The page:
Copyright Caden Inc. 2021 - 2023
The New York Times published this eye-catcher last month, and frankly we are so over articles like this.
How many reports are we going to read about how little consumers understand the byzantine workings of digital technology? How much longer will we busy ourselves with surveys and studies that tell us something we already know?
The questions in this study, a few of which you can see in the screenshots below, are designed to show how little the American consumer understands. “Breaking News! Not everyone is a specialist in data privacy practices” … Would that have been a better headline? It’s about as informative.
Think about how many people get sold a car every year in this country. They don’t all know how an automatic transmission works, do they? Nor do we expect every Tesla driver to understand the science of machine learning behind self-driving technology.
Consumers take massive leaps of faith every day, whether they’re shopping for cars, insurance, or iPhones. Our expectation is that the products and services we buy will work, work well, and work safely. If you needed even a base level of techy knowledge to make the marvels of the modern world function, the global economy would collapse overnight.
Why, then, do we find it so important to point out how little consumers “know” about obscure points of technological systems, policy, and law?
Perhaps because, in some ways, it helps reinforce the status quo. If the conversation is always about “knowledge,” then the information asymmetry between consumers and businesses becomes a two-sided failing of individuals (“Hey dummy, why haven’t you read up on this?”) and government (“Hey daddy, why aren’t there better laws about this?”).
It doesn’t take a lot of mental gymnastics to recognize that the information asymmetry is above all a boon to data extractors. Most people in this camp grew up in the last three decades of unregulated access to and manipulation of user data. It is an industrial normal to them to ignore information and education in favor of building tech and marketing it at scale.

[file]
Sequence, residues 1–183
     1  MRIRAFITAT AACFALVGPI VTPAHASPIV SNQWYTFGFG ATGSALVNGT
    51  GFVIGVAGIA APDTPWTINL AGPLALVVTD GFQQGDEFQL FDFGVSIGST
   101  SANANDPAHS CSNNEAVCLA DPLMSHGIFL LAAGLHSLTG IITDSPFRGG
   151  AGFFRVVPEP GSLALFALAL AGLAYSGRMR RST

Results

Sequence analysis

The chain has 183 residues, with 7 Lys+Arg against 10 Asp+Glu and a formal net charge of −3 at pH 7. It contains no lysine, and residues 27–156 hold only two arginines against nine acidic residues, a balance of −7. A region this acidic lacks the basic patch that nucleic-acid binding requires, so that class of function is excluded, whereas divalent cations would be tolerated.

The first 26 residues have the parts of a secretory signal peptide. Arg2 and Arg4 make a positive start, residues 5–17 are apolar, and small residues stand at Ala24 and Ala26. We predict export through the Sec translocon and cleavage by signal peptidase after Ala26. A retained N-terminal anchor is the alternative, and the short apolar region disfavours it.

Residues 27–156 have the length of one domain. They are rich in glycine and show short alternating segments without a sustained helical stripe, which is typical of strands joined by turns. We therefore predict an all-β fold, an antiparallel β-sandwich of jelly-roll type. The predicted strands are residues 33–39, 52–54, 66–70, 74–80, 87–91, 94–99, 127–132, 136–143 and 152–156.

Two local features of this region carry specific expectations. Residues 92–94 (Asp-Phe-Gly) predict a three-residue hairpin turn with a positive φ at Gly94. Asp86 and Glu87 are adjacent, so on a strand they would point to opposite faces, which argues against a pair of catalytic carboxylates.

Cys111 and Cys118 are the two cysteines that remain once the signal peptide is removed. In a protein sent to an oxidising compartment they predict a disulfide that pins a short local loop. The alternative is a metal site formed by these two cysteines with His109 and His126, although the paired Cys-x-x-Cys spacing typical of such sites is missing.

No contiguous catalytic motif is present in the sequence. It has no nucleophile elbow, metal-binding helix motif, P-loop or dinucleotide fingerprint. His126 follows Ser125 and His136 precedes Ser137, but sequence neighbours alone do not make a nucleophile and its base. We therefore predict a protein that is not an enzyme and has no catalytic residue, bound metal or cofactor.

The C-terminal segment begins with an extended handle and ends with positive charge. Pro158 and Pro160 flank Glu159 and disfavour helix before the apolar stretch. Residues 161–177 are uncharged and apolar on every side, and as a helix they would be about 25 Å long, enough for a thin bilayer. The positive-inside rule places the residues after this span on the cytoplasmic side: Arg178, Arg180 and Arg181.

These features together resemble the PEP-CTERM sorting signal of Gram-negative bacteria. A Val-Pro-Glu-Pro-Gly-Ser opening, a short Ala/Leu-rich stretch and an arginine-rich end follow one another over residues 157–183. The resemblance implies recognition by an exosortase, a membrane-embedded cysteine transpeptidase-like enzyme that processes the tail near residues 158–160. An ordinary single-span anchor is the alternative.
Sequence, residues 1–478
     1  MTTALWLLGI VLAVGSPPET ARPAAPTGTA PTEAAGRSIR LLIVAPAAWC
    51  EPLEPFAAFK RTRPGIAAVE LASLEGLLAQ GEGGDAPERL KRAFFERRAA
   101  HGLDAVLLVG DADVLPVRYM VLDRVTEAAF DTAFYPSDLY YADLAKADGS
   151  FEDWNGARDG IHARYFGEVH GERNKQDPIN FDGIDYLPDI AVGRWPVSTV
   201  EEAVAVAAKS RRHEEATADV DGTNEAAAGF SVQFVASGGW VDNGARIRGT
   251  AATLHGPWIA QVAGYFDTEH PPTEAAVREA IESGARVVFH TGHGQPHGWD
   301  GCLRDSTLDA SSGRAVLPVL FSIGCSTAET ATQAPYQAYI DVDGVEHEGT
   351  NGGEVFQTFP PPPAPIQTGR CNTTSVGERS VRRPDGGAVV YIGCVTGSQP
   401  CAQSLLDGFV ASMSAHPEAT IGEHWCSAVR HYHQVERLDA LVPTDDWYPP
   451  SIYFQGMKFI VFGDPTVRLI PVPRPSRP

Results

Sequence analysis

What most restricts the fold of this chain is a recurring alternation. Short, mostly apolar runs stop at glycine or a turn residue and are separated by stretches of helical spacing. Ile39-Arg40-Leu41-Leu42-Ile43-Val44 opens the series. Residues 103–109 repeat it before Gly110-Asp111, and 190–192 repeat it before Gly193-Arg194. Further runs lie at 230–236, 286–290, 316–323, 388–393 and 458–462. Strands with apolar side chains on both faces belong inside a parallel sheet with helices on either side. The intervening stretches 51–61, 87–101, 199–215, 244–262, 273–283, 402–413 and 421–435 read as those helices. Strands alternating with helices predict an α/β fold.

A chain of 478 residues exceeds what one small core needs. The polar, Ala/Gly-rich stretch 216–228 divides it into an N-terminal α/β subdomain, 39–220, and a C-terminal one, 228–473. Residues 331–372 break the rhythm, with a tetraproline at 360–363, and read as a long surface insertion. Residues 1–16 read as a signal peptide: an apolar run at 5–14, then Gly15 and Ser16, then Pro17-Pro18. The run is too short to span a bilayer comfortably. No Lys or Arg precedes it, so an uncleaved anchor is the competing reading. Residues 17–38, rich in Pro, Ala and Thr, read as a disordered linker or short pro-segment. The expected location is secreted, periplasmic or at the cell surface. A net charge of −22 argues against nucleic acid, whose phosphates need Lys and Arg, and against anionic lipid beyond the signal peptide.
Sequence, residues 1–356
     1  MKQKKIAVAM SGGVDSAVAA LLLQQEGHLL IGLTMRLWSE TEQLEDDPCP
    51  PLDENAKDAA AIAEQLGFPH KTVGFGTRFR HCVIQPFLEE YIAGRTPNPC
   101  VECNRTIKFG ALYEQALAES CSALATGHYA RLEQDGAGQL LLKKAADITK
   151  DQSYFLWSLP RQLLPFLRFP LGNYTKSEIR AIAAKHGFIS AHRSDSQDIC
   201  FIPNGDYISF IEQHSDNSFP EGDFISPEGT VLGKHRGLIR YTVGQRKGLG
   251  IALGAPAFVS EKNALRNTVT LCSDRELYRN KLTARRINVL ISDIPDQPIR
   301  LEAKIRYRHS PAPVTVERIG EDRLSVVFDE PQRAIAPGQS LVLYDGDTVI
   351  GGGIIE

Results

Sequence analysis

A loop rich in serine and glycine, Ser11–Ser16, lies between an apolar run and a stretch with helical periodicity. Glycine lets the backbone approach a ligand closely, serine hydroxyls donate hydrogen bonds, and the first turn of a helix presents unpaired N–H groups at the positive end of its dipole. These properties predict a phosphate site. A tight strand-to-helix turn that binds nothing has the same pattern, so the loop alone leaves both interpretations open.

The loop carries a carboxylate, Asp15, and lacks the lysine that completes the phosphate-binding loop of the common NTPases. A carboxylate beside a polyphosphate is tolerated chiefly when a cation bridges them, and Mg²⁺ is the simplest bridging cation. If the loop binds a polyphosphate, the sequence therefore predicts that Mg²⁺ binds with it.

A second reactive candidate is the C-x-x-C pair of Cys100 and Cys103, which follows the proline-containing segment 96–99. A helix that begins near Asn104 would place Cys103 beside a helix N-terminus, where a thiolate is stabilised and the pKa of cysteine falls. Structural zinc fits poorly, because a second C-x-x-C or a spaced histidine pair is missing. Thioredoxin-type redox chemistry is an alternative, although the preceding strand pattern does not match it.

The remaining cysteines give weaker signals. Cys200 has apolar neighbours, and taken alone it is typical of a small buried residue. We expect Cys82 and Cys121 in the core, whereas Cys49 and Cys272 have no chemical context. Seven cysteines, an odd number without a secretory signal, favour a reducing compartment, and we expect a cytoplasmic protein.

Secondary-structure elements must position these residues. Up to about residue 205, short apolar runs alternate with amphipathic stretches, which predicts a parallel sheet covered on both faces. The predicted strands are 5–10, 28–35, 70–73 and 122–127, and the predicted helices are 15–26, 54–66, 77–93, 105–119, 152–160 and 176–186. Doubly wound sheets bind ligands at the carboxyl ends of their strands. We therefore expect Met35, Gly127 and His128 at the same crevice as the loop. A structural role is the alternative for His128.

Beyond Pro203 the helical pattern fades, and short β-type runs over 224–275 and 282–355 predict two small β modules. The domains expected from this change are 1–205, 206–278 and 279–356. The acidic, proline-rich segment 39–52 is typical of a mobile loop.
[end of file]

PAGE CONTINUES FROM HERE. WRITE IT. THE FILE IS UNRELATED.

But what this survey in the New York Times makes irrefutably clear is that all of us – business, consumer, and government – have arrived at a point of no return. Consumers want more control over their data. Period. And, just as importantly, their sense of that control is inextricably linked with how much they trust the brands who use their data.
No one (sensible) would argue that consumers need better knowledge to be in control of their data. Awareness is not the same as knowledge. And any behavioral economist will tell you that consumers do not make rational decisions. We need to stop bemoaning the lack of data and privacy “knowledge” and start thinking about what consumers are really asking for.
Like any individual in a trusted relationship, consumers want a seat at the table. They are already operating from a foundation of skepticism. Only the brands who succeed in helping consumers overcome that will find themselves in the most defensible market positions. And the best way to do that is to design for (meaningful) control and (meaningful) consent.
As technology becomes more complex – especially with the advance of AI – this sense of trust and reassurance will only become more essential. It will (and already does) make a difference to brand loyalty, purchase decisions, and public reputation.
Lawmakers are responsible for reading the fine print and protecting consumers from nefarious actors – whether they’re unscrupulous businesses or … literal criminals. Let them do their jobs and legislate on behalf of the general public, who can never be as well informed by definition.
In the meantime, stop chastising consumers for not understanding something they don’t need to understand. Think instead about solutions that bring users to the table by showing them the flows of data and teaching them how to swim. Control and transparency are about trust, and trust is a brand and purchase differentiator.
If we start from that practical premise, we’ll all find it much easier to help consumers protect themselves, while deepening their relationships with the brands who truly deserve it.